R. Kumar Winter Term
In this seminar, we will closely read several papers by Joseph Raz concerned with the nature of rational and socially embedded agency. Questions to be discussed include the relationship between reasons and values, the dependence of values on social forms and practices, the nature of practical reasoning and the role of well-being in practical thought, the distinctiveness of moral reasons, objectivity and relativism in practical thought, and aspects of responsible agency. Readings will mainly be drawn from the papers collected in Raz's Engaging Reason(1999) and his From Normativity to Responsibility(2011).
K. Gordon-Solmon Fall Term
When is it morally permissible for one human being to kill another? Many people believe that killing a
person is permissible when doing so is necessary to save one’s own life. But surely this isn’t always
the case. It would be wrong, for example, to use an innocent bystander as a human shield against
an oncoming bullet. Some philosophers also claim that it would be wrong to shoot down a human
projectile (who’s been involuntarily shot of a cannon, say), even knowing the force of the impact will
be fatal to you. In this course, we'll focus on the range of arguments that have been advanced in the
contemporary literature on the ethics of self- (and other-) defense. Readings will be by Jeff
McMahan, Mike Otsuka, Jonathan Quong, and Victor Tadros (among others).
Evaluation will be based on one seminar presentation (20%), a submitted final paper question and prospective bibliography (5%), and a final paper (75%).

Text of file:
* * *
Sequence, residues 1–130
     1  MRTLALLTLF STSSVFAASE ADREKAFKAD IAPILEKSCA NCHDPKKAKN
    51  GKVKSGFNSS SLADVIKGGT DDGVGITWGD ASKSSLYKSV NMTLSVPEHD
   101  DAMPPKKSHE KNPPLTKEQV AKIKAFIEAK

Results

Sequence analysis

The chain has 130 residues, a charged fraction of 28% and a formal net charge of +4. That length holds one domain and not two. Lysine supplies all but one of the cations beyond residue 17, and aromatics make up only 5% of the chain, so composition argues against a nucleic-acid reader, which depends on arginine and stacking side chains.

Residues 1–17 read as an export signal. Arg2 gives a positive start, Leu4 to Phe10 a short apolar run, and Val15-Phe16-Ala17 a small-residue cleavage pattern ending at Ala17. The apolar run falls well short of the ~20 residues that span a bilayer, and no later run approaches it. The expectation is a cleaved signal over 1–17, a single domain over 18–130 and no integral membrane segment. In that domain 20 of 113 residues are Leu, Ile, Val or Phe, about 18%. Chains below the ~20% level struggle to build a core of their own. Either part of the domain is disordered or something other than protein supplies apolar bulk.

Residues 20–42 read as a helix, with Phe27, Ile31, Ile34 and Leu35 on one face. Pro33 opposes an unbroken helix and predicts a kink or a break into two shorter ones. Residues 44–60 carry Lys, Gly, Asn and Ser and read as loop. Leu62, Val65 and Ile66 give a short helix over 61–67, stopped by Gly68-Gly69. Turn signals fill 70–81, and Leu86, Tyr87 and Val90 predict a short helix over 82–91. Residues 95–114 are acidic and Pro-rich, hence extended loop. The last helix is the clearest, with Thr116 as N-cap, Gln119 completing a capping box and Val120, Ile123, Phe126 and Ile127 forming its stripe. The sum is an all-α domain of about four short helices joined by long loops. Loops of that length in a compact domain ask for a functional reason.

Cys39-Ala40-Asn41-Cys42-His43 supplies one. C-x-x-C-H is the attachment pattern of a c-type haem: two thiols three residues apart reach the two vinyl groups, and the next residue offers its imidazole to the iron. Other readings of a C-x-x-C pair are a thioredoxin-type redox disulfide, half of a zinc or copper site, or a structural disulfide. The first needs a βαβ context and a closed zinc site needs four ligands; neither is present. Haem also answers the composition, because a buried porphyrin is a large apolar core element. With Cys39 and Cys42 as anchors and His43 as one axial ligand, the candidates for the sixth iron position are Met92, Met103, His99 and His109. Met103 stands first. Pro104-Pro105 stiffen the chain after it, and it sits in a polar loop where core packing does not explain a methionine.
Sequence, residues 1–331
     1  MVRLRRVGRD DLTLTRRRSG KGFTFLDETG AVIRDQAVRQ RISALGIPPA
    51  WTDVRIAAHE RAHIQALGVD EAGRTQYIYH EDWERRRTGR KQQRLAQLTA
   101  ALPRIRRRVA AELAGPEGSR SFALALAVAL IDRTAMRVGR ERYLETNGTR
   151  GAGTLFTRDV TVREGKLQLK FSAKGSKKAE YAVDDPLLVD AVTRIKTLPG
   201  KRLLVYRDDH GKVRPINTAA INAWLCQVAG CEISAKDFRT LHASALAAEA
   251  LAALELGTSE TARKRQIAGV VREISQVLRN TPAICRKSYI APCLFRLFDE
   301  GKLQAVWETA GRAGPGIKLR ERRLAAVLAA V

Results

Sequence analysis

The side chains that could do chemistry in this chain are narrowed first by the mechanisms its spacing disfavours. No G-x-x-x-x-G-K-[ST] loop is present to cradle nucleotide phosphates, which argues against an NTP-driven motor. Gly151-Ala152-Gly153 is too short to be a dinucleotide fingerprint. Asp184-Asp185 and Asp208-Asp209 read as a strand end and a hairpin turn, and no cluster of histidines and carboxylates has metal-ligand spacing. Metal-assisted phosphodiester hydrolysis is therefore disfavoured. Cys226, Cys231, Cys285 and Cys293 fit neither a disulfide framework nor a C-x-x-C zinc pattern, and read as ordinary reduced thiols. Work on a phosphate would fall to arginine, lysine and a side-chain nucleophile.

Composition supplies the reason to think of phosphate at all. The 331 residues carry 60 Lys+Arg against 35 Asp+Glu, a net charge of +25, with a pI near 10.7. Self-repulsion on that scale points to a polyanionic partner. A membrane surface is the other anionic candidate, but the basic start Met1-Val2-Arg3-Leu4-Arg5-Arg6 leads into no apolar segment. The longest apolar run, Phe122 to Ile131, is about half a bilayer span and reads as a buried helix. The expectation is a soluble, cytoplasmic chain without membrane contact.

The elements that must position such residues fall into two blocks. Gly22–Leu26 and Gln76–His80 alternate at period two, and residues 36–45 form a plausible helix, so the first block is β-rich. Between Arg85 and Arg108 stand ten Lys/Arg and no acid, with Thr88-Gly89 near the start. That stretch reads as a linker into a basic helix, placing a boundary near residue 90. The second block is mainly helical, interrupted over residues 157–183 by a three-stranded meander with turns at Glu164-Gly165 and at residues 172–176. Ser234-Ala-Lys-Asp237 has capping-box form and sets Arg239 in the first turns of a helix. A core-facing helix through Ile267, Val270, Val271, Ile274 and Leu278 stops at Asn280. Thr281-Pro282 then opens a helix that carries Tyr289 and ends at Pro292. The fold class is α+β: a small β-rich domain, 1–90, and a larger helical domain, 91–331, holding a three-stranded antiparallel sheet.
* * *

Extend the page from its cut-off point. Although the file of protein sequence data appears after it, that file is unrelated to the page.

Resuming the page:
(Cross-listed with 4th year course PHIL405)
W. Kymlicka Fall Term
"Citizenship" has arguably been the central organizing concept for advancing claims of justice in the past century. Demands for women's rights, gay rights, disability rights, children's rights, minority rights – even animal rights - have all been rearticulated as struggles for new forms of citizenship. All of these cases challenge inherited ideas of what defines the attributes of a (good) citizen, and in much of the popular debate and academic literature, attempts to extend citizenship to some of these groups are sometimes seen as diluting the fundamental values of citizenship. This course will explore the frontiers of citizenship. In particular, it will explore whether citizenship should be understood, not in terms of some static list or threshold of capacities or virtues, but rather as a process of what Jim Tully calls “citizenization” – the attempt to restructure social and political relationships on the basis of democratic values of consent, participation, trust, membership and autonomy rather than on the basis of force or paternalism or exclusion. Viewed this way, the task of citizenship is to enable all members of society to have a say in matters that affect them, and to thereby contribute to the democratic governance of the larger society, even if they do not participate in the particular ways or in the particular spaces envisaged in classical citizenship theory. The course will explore what we gain, and we might potentially lose, in opening up citizenship theory to radically diverse forms of belonging and participation.
(Cross-listed with 4th year course PHIL406)
C. Sypnowich Winter Term
TBA Fall Term (Mon 2:30 - 5:30 p.m.)
(cross-listed with 4th year course PHIL 420)
U. Schuklenk, Fall Term
(Cross-listed with 4th year course PHIL441)
P. Fairfield Fall term
(Cross-listed with 4th year course PHIL445)
M. Smith Fall term
Descartes is best known as a defender of dualism; in the Meditations, he seems to rip the human person into two halves, the mind on the one hand and the body on the other. But can mind and body be sewn back together again? Much less well-known is Descartes’s later attempt to account for the wholeness of the embodied human person, a project that begins with Descartes’s exchange of letters with Princess Elisabeth of Bohemia (which we will read), and culminates in his last book, The Passions of the Soul. We will examine the Passions in detail, and explore Descartes’s account of agency, embodiment, ethics, happiness, and love.